How To Fix or REplace Your Water Spicket
Outdoor water spigots typically go years without servicing until, eventually, water begins continually spraying from the handle or dripping from the spout, and you have no choice but to make repairs. The job is easier than you think it is, as long as the spigot isn’t too corroded to disassemble. Spigots have a basic compression valve that tightens a washer onto the valve seat when you turn the handle. Leaks happen when the washer or the packing around the handle wears out. To replace either of these worn components, you have to remove the packing nut.
Here are the steps to follow if you would like to do the job yourself.
Turn off the water to the spigot, either by turning off an inline valve that controls the water line to which the spigot is attached or by turning off the main water supply for the house.
Unscrew the packing nut under the handle of the spigot with a wrench. If it won’t turn, spray it with lubricant, wait a few minutes and try again. Spray more lubricant if you still can’t turn it. Hold the spigot steady with a pair of adjustable pliers if you have to bear down on a problem nut frozen by corrosion.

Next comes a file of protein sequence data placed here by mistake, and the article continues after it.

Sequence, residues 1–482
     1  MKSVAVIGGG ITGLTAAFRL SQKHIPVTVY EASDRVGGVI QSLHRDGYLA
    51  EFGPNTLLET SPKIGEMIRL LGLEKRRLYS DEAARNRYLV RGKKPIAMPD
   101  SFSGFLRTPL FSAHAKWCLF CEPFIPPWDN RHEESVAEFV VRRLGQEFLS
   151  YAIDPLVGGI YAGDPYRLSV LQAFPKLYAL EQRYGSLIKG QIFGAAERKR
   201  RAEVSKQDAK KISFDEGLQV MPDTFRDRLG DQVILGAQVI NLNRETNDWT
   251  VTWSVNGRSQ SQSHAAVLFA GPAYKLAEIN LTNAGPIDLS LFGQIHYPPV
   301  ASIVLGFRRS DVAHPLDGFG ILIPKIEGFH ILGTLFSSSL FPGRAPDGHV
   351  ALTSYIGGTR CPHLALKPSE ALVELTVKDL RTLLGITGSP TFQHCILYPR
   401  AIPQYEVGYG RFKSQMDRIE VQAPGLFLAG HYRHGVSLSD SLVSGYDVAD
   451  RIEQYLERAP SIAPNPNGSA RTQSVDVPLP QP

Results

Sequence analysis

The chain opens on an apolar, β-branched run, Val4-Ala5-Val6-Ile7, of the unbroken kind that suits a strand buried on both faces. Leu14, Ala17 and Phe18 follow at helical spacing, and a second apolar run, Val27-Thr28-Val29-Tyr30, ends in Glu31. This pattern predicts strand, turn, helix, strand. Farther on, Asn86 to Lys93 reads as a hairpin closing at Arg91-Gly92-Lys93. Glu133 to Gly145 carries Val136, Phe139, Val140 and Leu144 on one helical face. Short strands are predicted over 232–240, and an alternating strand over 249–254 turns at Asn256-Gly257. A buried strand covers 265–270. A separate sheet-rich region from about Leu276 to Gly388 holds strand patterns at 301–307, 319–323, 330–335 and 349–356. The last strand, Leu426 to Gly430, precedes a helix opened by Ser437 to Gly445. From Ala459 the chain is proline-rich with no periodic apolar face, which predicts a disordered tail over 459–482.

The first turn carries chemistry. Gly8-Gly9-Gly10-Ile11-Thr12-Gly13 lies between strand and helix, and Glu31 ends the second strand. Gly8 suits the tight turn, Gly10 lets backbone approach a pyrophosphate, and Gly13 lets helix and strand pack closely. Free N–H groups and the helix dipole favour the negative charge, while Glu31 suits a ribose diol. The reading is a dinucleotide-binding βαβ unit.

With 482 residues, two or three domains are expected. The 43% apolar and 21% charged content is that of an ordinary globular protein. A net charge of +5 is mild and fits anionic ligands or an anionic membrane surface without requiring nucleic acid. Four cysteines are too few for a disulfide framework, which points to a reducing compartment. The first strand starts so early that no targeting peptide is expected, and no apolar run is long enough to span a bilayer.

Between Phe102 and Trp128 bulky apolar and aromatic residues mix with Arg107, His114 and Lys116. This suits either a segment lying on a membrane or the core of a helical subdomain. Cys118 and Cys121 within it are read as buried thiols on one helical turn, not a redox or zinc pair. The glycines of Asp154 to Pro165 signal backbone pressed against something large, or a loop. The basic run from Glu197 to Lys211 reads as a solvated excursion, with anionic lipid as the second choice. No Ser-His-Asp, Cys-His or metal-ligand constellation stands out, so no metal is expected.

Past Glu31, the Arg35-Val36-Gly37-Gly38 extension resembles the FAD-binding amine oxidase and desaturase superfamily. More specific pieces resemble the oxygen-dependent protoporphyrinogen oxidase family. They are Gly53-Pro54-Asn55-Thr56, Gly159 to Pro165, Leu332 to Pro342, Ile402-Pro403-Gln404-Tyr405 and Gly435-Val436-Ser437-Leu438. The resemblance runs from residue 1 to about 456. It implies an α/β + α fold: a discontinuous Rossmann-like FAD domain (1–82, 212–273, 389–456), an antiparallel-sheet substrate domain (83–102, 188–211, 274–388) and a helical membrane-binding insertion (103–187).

Pull off the nut and pull the valve out of the faucet housing. Turn the valve over and unscrew the washer on the end with a Phillips screwdriver. Pry it out with a flat-head screwdriver and replace it with a new one.
Unscrew the handle from the valve with a Phillips screwdriver and pull off the packing nut if the faucet was leaking from the handle. Replace the packing washer, if there is one. If the faucet has packing string, pull off the old string and wind new, graphite-treated string around the packing threads.
Push the valve back into the faucet housing, screw on the packing nut and tighten it with a wrench. Replace the handle — if you took it off — and tighten the screw. Turn on the water.